From Modesto, California, USA:
My friend babysits a 12 year old girl who has typeá1 diabetes. Whenever the girl's blood sugar is high (the other day it was over 500 mg/dl [27.7 mmol/L]), the sitter tells her to run up and down stairs or to eat an orange. I am concerned about this, because my father has typeá2 diabetes, and he has never been told to do either one of these. Is it possible that they are doing something wrong?
It is incorrect advice to tell a child with high blood sugars to eat an orange. Exercise can help to lower blood sugar. In most cases, a high blood sugar that is 400-500 mg/dl [22.2-27.7 mmol/L]requires extra short acting insulin, extra testing in an hour or two, and ketone testing of the urine to adequately treat and prevent complications from that high blood sugar. For more information on treating high blood sugars, please read more at Hyperglycemia.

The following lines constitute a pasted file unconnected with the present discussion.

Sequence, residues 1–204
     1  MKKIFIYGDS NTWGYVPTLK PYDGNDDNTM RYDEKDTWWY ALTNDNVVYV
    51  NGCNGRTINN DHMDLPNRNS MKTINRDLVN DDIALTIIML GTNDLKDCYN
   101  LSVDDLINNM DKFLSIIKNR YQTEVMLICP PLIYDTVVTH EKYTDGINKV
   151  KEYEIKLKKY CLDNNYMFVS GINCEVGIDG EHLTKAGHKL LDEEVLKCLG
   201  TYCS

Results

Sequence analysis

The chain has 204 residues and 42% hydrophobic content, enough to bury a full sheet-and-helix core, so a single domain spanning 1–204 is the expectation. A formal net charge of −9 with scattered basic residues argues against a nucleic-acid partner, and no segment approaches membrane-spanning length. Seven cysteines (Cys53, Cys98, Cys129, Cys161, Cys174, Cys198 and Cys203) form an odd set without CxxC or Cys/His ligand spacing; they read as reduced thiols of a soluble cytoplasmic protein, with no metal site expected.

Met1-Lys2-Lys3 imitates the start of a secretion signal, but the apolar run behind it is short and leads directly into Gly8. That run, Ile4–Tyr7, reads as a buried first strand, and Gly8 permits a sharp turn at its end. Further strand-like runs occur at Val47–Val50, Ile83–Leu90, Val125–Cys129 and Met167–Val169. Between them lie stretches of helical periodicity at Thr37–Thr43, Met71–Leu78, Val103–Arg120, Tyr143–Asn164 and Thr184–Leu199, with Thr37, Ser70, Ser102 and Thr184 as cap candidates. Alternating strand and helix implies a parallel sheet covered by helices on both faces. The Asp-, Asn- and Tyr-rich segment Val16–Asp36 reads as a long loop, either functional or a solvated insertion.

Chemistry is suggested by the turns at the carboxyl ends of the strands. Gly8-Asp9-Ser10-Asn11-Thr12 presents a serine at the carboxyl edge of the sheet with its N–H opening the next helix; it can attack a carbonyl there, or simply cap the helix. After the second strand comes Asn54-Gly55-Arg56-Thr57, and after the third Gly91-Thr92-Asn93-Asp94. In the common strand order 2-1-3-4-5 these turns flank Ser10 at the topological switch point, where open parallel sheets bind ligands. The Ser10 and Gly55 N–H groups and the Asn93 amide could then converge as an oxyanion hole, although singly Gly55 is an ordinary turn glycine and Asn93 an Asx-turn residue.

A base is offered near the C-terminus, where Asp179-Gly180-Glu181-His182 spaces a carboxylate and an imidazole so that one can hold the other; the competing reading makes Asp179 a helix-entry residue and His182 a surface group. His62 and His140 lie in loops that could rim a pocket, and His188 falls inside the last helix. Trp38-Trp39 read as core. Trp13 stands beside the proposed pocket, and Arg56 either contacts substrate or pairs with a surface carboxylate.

[Editor's comment: It can actually be dangerous to exercise when blood sugars are that high because the stress hormones released during exercise can make the blood sugars go even higher. SS]
Original posting 5 Apr 2001
Posted to Hyperglycemia and DKA
Last Updated: Tuesday April 06, 2010 15:09:20
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